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Inside story: Why coal remains deadly weapon of Queensland politics

Opinion

Labor’s inability to fight back effectively when the LNP weaponised coal during last year’s federal election campaign underscores the role resources continue to play in federal politics, writes Dennis Atkins

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At a 2018 meeting with senior federal Nationals politicians, Malcolm Turnbull became frustrated when he couldn’t convince his Coalition colleagues of the economic hopelessness of the case for a new coal-fired power station in Queensland.

Turnbull recounts the meeting in his A Big Picture memoir, saying he quizzed the MPs on the price of coal needed, the amount of coal needed, the amount of coal needed for each megawatt hour of power and how this type of generation had no hope of competing with the fast declining cost of renewables.

As the politicians left the meeting, then Nationals deputy leader Bridget McKenzie told the former prime minister he couldn’t reason with them. “It’s religion. They don’t care about the numbers,” Turnbull quotes her as saying.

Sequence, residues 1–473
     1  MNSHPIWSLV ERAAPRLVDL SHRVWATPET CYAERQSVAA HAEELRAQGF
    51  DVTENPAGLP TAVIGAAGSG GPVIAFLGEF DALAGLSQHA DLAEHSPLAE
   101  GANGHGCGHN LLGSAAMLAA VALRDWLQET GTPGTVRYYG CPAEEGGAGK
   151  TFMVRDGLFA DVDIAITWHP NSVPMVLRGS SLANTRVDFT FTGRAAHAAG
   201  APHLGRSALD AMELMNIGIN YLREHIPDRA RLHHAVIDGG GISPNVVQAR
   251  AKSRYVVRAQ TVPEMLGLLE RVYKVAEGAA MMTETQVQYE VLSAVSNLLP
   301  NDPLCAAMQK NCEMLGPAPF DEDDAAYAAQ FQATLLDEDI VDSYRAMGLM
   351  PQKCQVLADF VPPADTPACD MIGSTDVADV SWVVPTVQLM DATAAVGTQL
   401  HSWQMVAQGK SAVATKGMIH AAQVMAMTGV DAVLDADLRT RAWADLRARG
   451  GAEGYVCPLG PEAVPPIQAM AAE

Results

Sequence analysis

In a just-published Quarterly Essay, The Coal Curse: Resources, Climate and Australia’s Future, academic Judith Brett puts to one side the popular theory that Scott Morrison won the 2019 election because of a mix of Bill Shorten’s unpopularity and the rejection of Labor’s confusing and complex tax and spend policies.

“The brutal truth is that Labor lost the election in Queensland and it lost it in large part because of the Queensland Liberal National Party’s successful weaponising of coal,” says Brett.

This “weaponising” of coal has never been so apparent and never so successful as it was at the 2019 election. It should be noted a mix of Labor’s mishandling of coal (and climate) policies and the bumbling intrusion in the campaign by the Greens (especially its Adani convoy) super-charged that voting power for the LNP.

As Brett notes, the National Party depends on a specific and significant concentration of its vote for its success at a federal level. “At the 2019 election, it won a little less than 7 per cent of first preference votes, if we attribute to it a quarter of the vote of the Queensland Liberal National Party (LNP),” she writes in her essay.

“With this vote, the Nationals won 15 seats. By contrast, the Greens’ national first preference vote of more than 10 per cent is diffused across electorates, and they have only one lonely representative in the House of Representatives.”

Brett says the Nationals have responded to the decline in importance of the agricultural sector – once the very essence of the old Country Party – by harnessing support from the resources sector, which is as geographically concentrated as the party that’s now its loudest champion.

“In all states and territories except for Queensland and Western Australia, Labor plus left independents won the majority of seats,” writes Brett.